Australian Democracy in 2013
Rounding off a tumultuous term in federal government – and approaching the 2013 Federal Election – the Wheeler Centre hosted a robust look at Australian democracy in action. Six prominent Australians were invited to share a snapshot of what Australian democracy means to them in 2013. Hosted by Peter Mares.
Watch it all, or skip to a section:
- Margaret Simons, director of the Centre for Advancing Journalism
- Asylum Seeker Resource Centre founder Kon Karapanagiotidis
- Jane Smith of the new Museum of Australian Democracy at Eureka (M.A.D.E)
- Former speechwriter and Age journalist James Button
- Freelance historian and cultural commentator Humphrey McQueen
- Bestselling author and journalist Anne Summers
- Questions from the floor
Margaret Simons is Associate Professor in the School of Media, Film and Journalism, Monash University. In 2015, she won the Walkley Award for Social Equity Journalism. Her recent books include Six Square Metres, Self-Made Man: The Kerry Stokes Story, What's Next in Journalism?, Journalism at the Crossroads and Malcolm Fraser: The Political Memoirs, co-written with former Prime Minister of Australia Malcolm Fraser. The latter won both the Book of the Year and the Douglas Stewart Prize for Non-Fiction at the NSW Premier's Literary Awards 2011.
In addition to her academic work, Margaret regularly writes for the Saturday Paper, the Age, the Sydney Morning Herald, Griffith Review, the Monthly and other publications.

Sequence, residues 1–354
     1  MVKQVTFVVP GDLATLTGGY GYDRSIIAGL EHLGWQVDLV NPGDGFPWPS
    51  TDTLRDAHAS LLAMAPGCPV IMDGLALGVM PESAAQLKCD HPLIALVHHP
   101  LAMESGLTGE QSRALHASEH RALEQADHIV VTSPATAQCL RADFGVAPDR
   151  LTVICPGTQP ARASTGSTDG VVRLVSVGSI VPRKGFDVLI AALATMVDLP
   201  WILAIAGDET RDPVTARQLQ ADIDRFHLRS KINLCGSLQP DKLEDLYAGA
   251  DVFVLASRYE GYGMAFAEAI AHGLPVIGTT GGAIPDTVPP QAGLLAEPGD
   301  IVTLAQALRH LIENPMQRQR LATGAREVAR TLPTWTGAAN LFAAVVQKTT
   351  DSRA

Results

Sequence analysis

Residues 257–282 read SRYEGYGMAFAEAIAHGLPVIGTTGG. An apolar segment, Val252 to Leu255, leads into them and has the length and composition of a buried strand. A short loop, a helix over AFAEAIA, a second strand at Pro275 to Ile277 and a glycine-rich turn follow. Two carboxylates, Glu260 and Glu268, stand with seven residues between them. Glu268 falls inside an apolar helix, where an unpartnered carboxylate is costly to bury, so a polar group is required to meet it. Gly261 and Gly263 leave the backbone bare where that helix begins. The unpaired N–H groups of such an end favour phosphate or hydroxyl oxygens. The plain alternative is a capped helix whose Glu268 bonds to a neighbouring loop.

Peter Mares is an independent writer and researcher. He is a contributing editor for online magazine Inside Story and a senior moderator with The Cranlana Programme. Peter was a broadcaster with the ABC for twenty-five years, serving as a foreign correspondent based in Hanoi and presenting national radio programs. His latest book is Not Quite Australian: How Temporary Migration Is Changing the Nation.
Kon Karapanagiotidis is the CEO and founder of the Asylum Seeker Resource Centre, the largest independent human rights organisation for refugees and people seeking asylum in Australia. They assist thousands of people each year, with the help of over 1200 volunteers and 125 staff.
Dr Anne Summers AO is a best-selling author, journalist and thought-leader with a long career in politics, the media, business and the non-government sector in Australia, Europe and the United States. She is author of nine books, including the classic Damned Whores and God's Police, Ducks on the Pond, The Lost Mother, and The Misogyny Factor.
James Button is a former journalist and speechwriter.
Humphrey McQueen is a freelance historian and cultural commentator. Widely known in Australia through his books, radio commentaries, articles and public speeches he is in demand as a guest lecturer, critic and consultant.
Jane Smith is inaugural Director of M.A.D.E (Museum of Australian Democracy at Eureka) which opens on 4 May 2013 in Ballarat.